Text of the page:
This novel was very slow moving and built up a thorough storyline. It didn’t read like a fast-paced crazy paranormal story, and I enjoyed that. After a few chapters, the story hooked me in; the characters, dialog, and reactions all felt very realistic. Rice’s language was light and pretty, and rather conducive to lovely imagery. The book flitted between feeling historical to erotic to violent.

There is a bit of religious preachiness at times. Especially towards the end, the book goes into the explicit origin story, and potential philosophical and religious ramifications. I would have preferred more moral ambiguity in the character’s view of himself. One of the powers he develops is to smell the difference between innocence, evil, and being neutral. This made it far too easy to establish the moral standing of any character. He does bring up some interesting questions in a few of the articles he writes on werewolves, but we never see him grapple with them. Instead, the main character is a nice handsome guy who takes everything in stride. As a warning there is quasi-bestiality and lots of violence.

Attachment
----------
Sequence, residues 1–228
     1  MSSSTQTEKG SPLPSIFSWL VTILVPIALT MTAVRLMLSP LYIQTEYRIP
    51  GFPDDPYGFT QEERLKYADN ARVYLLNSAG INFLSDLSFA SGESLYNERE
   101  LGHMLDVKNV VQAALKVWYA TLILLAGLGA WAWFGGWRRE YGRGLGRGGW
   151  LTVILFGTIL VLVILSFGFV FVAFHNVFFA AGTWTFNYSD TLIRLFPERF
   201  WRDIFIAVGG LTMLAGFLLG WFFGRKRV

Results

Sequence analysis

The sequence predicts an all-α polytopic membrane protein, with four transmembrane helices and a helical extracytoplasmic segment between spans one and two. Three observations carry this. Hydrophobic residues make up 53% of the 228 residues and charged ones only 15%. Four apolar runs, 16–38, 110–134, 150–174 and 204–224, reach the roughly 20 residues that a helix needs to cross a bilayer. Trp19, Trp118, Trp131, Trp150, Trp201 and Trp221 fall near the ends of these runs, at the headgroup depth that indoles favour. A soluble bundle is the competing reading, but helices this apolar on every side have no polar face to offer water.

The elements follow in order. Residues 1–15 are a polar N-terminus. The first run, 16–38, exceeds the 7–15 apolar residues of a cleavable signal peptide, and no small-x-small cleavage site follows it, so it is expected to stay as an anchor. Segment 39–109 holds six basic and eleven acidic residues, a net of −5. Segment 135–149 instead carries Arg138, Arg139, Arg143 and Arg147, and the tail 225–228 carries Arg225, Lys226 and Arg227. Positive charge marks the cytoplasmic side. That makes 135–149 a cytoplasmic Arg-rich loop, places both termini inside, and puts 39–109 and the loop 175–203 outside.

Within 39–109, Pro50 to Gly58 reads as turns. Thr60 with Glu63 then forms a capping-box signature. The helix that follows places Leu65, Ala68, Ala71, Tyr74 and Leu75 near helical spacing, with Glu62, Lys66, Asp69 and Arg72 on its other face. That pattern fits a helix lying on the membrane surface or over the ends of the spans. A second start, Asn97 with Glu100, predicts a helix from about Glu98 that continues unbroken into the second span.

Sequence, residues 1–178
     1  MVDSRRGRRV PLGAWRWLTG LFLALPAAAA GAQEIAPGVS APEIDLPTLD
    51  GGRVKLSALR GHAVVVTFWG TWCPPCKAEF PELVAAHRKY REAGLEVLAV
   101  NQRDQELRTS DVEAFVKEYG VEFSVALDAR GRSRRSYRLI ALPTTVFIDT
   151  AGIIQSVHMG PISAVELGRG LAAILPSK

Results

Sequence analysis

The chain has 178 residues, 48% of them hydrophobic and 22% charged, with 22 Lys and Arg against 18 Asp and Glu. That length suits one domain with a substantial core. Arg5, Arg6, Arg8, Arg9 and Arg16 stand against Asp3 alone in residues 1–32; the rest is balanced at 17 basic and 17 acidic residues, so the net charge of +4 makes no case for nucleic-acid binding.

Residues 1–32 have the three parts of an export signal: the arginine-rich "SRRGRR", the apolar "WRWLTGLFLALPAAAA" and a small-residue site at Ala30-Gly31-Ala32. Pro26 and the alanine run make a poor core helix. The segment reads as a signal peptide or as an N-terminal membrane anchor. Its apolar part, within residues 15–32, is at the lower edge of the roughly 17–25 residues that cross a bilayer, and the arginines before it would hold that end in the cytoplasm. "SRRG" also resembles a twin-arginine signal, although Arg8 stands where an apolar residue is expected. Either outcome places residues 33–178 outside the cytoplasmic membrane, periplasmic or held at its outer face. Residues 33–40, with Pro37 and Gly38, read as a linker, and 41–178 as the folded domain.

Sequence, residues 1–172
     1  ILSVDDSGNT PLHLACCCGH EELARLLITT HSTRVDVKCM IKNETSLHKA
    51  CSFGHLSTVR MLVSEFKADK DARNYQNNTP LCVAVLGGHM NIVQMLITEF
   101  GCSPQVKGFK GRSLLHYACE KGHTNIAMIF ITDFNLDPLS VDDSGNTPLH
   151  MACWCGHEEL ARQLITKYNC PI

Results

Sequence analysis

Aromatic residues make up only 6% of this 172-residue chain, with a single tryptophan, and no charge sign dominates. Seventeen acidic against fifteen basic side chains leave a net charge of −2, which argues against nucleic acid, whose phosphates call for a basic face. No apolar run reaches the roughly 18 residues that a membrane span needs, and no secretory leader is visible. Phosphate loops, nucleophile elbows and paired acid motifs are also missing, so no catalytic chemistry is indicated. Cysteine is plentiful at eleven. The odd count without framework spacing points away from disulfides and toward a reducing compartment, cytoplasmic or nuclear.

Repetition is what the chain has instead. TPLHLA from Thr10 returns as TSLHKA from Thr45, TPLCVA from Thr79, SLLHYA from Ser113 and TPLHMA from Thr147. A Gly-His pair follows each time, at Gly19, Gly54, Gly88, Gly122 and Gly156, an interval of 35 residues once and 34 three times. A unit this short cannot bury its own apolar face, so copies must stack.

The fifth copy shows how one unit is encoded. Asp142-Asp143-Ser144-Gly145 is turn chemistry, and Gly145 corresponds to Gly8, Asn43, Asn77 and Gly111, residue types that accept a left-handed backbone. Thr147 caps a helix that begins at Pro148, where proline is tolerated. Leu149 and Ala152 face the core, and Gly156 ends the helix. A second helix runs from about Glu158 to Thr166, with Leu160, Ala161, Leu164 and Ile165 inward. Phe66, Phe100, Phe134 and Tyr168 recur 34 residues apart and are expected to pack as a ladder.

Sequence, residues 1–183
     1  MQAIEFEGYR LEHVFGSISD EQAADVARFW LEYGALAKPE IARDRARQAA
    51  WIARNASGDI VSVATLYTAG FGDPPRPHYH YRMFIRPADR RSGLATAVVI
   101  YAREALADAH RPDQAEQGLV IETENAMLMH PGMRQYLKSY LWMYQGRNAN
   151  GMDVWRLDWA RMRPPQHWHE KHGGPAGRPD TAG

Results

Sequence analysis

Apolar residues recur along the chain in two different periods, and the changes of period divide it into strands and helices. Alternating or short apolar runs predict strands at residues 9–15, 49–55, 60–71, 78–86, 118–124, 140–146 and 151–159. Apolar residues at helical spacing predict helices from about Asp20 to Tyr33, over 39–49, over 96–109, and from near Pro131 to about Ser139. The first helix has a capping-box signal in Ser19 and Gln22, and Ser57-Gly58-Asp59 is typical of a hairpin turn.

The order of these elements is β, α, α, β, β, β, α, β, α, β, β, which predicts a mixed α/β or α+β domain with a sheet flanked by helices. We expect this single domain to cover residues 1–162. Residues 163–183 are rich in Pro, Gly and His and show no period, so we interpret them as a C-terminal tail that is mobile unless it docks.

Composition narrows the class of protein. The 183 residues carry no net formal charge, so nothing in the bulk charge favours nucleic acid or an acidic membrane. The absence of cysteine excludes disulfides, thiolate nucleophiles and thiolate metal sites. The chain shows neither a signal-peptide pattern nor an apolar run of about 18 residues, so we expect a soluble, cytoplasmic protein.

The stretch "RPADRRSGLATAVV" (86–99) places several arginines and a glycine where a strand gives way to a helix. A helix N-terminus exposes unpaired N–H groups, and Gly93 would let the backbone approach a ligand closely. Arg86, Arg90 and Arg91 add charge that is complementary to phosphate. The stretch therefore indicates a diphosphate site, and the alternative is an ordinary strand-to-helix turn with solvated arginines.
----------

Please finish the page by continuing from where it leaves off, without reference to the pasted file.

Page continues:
All in all, she’s a wonderful storyteller and it was an interesting take on the werewolf tale.

Nibble: “As for his father, he saw death in the falling leaves.”

I would recommend this to anyone with a love for werewolves.

My Rating: 8 out of 10 bitten apples

I received an advanced copy from the publisher, Knopf Doubleday, via NetGalley.

Anne Rice’s Site

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Up in the Attic and Other Stories

Written by Amanda Lawrence Auverigne

This is a collection of holiday themed short stories, described as horror or dark fantasy. I would classify it only as dark fantasy as it’s simply not scary. I found the stories felt melodramatic as the author tended to write very choppy descriptions, and use many one or two sentence paragraphs in a row. A lot of the language Auverigne uses throughout the seven stories is very similar, and reading them all at once is a bit much. I found the sheer amount of references to various sites and gadgets a bit annoying, as were the often unnecessary mundane conversations between characters. I really wanted to like something about this collection as idea-wise it sounded promising, but it just wasn’t my cup of tea.